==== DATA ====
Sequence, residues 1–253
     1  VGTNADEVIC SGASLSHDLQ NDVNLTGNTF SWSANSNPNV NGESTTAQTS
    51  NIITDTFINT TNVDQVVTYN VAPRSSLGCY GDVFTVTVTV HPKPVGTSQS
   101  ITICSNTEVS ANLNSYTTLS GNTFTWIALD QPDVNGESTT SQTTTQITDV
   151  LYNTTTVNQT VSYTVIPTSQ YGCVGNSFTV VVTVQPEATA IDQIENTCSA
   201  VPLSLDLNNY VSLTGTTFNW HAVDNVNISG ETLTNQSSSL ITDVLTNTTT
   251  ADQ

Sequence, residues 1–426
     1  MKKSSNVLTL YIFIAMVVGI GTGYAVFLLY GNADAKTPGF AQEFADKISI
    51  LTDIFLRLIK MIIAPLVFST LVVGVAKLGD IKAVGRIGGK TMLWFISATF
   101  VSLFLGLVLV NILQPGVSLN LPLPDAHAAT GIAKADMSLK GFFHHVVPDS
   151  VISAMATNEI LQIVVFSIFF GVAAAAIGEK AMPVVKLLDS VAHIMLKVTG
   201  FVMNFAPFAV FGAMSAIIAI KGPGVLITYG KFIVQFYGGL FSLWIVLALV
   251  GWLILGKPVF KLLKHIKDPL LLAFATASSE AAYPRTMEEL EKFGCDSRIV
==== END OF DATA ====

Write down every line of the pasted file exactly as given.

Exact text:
Sequence, residues 1–253
     1  VGTNADEVIC SGASLSHDLQ NDVNLTGNTF SWSANSNPNV NGESTTAQTS
    51  NIITDTFINT TNVDQVVTYN VAPRSSLGCY GDVFTVTVTV HPKPVGTSQS
   101  ITICSNTEVS ANLNSYTTLS GNTFTWIALD QPDVNGESTT SQTTTQITDV
   151  LYNTTTVNQT VSYTVIPTSQ YGCVGNSFTV VVTVQPEATA IDQIENTCSA
   201  VPLSLDLNNY VSLTGTTFNW HAVDNVNISG ETLTNQSSSL ITDVLTNTTT
   251  ADQ

Sequence, residues 1–426
     1  MKKSSNVLTL YIFIAMVVGI GTGYAVFLLY GNADAKTPGF AQEFADKISI
    51  LTDIFLRLIK MIIAPLVFST LVVGVAKLGD IKAVGRIGGK TMLWFISATF
   101  VSLFLGLVLV NILQPGVSLN LPLPDAHAAT GIAKADMSLK GFFHHVVPDS
   151  VISAMATNEI LQIVVFSIFF GVAAAAIGEK AMPVVKLLDS VAHIMLKVTG
   201  FVMNFAPFAV FGAMSAIIAI KGPGVLITYG KFIVQFYGGL FSLWIVLALV
   251  GWLILGKPVF KLLKHIKDPL LLAFATASSE AAYPRTMEEL EKFGCDSRIV